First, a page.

Adobe Patches 34 More Bugs in Flash

 
 
By Sean Michael Kerner  |  Posted 2015-08-11 Print this article Print
 
 
 
 
 
 
 
Flash flaws

Another month, another large patch load from Adobe. The company's August Patch Tuesday update released today provides fixes for 34 identified Common Vulnerabilities and Exposures (CVEs).

The August patch haul is a marginal improvement over the 36 security vulnerabilities that Adobe patched in the July patch update, though Adobe did have to patch an additional two zero-day flaws days after that update was released to deal with issues identified in the recent Hacking Team breach.

As opposed to the two issues fixed after the Hacking Team breach, which were being actively exploited, Adobe has stated that it is not aware of any exploits in the wild for any of the 34 issues addressed in the August update.

In July, the primary source of bug reporting to Adobe for Flash came by way of Google's Project Zero initiative, which responsibly disclosed 20 vulnerabilities. For the August patch haul, Adobe credits Google Project Zero researchers for reporting 23 bugs.

Google has also been working with Adobe to prevent future exploits via a number of security mitigations that Adobe has already implemented.

"For Flash Player, we put the vector mitigation technologies into the last update," Adobe spokesperson Wiebke Lips told eWEEK. "So those mitigations should help significantly."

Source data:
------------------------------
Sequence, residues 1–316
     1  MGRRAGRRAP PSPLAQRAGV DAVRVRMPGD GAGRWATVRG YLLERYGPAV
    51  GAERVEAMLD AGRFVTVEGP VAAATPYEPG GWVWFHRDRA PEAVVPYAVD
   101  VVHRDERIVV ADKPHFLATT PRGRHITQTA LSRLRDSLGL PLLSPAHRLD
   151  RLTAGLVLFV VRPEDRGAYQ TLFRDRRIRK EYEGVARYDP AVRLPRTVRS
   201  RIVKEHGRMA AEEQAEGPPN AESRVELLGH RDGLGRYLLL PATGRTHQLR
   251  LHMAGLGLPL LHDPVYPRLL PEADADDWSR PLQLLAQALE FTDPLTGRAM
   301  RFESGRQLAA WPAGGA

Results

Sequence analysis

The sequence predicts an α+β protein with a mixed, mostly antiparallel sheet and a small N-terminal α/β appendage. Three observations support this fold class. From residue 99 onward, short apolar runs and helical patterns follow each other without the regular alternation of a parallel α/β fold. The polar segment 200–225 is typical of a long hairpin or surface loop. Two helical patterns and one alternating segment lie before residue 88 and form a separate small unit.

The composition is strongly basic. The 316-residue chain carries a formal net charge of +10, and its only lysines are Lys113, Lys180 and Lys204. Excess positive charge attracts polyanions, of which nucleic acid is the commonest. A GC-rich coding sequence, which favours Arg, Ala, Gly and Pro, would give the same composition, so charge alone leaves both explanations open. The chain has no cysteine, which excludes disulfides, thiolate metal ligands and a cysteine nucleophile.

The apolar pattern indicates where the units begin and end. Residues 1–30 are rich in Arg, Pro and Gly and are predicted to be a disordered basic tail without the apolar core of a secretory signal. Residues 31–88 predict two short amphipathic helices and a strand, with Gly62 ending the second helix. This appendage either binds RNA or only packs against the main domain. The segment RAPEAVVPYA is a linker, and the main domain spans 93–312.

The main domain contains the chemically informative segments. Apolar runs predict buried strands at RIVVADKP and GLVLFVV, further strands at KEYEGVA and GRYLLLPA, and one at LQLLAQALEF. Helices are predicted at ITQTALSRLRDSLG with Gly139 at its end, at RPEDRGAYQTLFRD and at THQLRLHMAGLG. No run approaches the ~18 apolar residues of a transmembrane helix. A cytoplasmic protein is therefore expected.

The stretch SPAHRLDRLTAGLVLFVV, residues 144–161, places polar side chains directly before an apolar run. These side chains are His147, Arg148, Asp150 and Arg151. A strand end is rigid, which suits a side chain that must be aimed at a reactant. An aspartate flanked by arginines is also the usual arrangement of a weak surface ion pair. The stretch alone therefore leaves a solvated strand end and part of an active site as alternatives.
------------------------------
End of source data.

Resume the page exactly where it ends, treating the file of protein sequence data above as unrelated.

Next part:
While Adobe is patching Flash today, it isn't patching its Adobe Reader PDF application. That's despite the fact that at the DefCon security conference in Las Vegas on Aug. 9, Brian Gorenc, manager of vulnerability research at HP's Zero Day Initiative (ZDI), discussed multiple sets of vulnerabilities in Adobe Reader, including a set of CVEs related to JavaScript APIs in Reader.

Gorenc noted that Adobe has patched many of the issues that it has submitted so far. ZDI has submitted approximately 100 vulnerabilities to Adobe for Reader in 2015, according to Gorenc.

Adobe patches Reader on a quarterly basis, while HP has a responsible disclosure policy that gives vendors up to four months to patch a vulnerability before HP publicly discloses any issue. Given the highly efficient nature of Adobe's security organization, it's very likely that all of the issues that HP has found will be patched inside of the four-month timeline.

Sean Michael Kerner is a senior editor at eWEEK and InternetNews.com. Follow him on Twitter @TechJournalist.

 
 
 
 
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